From the archive: on this day in 1970

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From Alfa Romeo to Triumph, Jaguar to Porsche, we tested all the sports cars and coupés

Autocar’s sports car mega test, Mini hits one million sales, and a car worthy of a fight

In a monumental effort, we gathered all the sports cars and GTs on sale for a mega-test at a stormy Silverstone. Well, all apart from those of Ferrari, Maserati and Lamborghini (too arrogant), Lancia and Mercedes-Benz (busy) and Morgan (forgetful).

Category one of six was exotic GTs. Aston Martin’s DB6 and DBS worked wonders and Jensen’s FF was supremely safe, but BMW’s 2800 CS didn’t suit track driving.

Intermediate GTs were very diverse. Jaguar’s E-Type was still lovely after nine years, the Porsche 911 T notably demanding, Opel’s GT Lotus-like, Reliant’s Scimitar GTE on point and Sunbeam’s Rapier H120 no embarrassment.

As for Zodiac V6-powered GTs, Ford’s own Capri lacked appeal a bit, and nor did Marcos’s 3-Litre totally convince. TVR’s Tuscan was easier and better to drive.For medium GTs, we preferred Alfa Romeo’s 1300 GT to Triumph’s GT6, Sunbeam’s Alpine GT and MG’s B GT, despite its premium.

Among the small sports cars, MG’s Midget handled impeccably, Triumph’s Spitfire felt a step up but less sporty, Honda’s S800 felt a little wanting and Lotus’s Seven SS proved wonderfully balanced.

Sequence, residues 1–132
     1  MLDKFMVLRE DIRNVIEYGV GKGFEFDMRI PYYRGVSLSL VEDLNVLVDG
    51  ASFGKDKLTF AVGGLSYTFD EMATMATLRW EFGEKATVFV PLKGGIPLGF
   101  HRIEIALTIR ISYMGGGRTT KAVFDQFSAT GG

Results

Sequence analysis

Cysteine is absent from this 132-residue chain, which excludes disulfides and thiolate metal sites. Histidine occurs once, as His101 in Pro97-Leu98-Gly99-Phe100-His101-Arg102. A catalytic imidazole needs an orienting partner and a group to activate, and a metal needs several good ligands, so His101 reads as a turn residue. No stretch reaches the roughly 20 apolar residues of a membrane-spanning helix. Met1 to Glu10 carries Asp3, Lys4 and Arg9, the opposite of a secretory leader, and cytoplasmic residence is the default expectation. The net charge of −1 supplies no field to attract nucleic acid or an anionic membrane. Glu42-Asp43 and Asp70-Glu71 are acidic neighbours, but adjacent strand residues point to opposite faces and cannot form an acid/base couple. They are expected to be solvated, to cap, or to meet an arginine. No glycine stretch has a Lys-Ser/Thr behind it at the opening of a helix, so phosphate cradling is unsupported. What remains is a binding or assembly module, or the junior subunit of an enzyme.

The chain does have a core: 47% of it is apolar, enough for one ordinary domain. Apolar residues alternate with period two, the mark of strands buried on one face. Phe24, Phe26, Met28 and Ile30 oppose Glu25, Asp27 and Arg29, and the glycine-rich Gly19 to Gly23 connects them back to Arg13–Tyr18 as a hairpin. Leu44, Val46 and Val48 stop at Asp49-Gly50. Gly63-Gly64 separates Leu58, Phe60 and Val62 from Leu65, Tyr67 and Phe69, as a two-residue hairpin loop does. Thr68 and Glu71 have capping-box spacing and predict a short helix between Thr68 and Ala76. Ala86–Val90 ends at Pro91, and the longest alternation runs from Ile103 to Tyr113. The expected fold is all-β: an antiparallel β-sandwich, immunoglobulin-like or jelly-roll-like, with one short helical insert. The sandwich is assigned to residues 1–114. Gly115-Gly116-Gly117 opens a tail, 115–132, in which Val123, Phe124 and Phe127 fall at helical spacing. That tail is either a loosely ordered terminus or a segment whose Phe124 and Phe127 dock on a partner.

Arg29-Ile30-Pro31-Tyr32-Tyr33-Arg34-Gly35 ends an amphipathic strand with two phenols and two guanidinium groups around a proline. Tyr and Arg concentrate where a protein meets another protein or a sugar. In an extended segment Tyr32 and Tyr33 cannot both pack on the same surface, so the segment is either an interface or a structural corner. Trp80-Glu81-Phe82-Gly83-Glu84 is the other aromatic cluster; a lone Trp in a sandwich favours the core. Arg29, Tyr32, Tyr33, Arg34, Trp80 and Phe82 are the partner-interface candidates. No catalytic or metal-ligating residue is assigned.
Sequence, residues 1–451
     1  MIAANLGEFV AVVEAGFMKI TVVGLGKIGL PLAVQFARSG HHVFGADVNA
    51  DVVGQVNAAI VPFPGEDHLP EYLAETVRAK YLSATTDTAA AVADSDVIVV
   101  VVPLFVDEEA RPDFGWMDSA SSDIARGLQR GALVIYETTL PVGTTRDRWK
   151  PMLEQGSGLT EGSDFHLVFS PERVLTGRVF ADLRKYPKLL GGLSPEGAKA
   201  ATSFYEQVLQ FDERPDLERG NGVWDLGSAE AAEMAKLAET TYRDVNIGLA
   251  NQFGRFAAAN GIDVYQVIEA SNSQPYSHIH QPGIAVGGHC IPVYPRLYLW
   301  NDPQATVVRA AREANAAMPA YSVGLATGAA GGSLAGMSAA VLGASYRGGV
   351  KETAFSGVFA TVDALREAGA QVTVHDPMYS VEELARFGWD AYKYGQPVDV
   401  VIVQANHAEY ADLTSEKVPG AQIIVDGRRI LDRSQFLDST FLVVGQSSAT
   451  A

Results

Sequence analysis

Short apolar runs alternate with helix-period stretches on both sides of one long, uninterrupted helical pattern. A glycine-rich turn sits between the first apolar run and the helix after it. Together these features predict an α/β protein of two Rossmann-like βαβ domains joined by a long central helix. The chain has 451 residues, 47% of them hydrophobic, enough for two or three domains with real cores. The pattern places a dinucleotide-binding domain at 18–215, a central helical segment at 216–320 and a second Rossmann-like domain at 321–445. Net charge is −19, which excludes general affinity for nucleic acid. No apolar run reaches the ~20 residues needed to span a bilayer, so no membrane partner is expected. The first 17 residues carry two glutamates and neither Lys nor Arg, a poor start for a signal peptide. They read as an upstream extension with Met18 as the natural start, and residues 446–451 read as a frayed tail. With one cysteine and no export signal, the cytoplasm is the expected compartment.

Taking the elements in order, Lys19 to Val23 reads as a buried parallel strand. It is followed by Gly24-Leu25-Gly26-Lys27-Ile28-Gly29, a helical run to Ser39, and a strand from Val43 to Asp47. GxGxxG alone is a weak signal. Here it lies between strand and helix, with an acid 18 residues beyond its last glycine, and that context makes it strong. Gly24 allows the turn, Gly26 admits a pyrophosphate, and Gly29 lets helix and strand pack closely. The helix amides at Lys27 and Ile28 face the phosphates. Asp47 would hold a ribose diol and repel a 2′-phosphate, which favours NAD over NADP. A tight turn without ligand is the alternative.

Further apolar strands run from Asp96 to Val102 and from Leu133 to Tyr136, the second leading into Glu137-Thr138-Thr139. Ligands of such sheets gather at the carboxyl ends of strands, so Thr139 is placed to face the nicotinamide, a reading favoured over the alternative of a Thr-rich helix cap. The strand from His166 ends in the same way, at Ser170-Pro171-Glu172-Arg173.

And the roadsters delighted, Alfa Romeo’s 1750 Spider being sweet, precise and gentlemanly, Lotus’s Elan well worth learning and Triumph’s TR6 big and burly. Talk about spoiled for choice. 

Mini hits one million sales in 1970

On Tuesday 21 April 1970, the Mini became the first British car to hit a million sales abroad as a Norway-bound car reached the end of the Longbridge production line. In the 11 years since the Mini’s introduction, 43% had been exported, resulting in some £300m in foreign exchange. 

Almost 500,000 cars had been built from knock-down kits or with up to 50% local content in Africa, Asia, Australasia and Europe. The biggest foreign markets were Italy (thanks to Innocenti), Australia, Belgium and France. Production would persist for another 40 years, with the Mini tally ending at 5,387,862. Truly iconic.

The Mk1 Ford Escort RS Cosworth – worthy of an office fight?

The RS 1600 version of the Mk1 Ford Escort may have looked identical to the Twin Cam, but there was a crucial difference: instead of Lotus’s 1558cc four-pot, it used Cosworth’s 1601cc BDA, with an extra 10bhp, at 120bhp.

We said: “It’s hard to think of a sporty driver who wouldn’t be completely delighted. It’s not really easy to drive smoothly around town, but away from speed limits it streaks along with a rare dash of vigour.”

The only issue was a price of £1400 (£17,800 today). Even so, it proved more than worthy of its name, becoming a rally sport icon.

Source: Autocar

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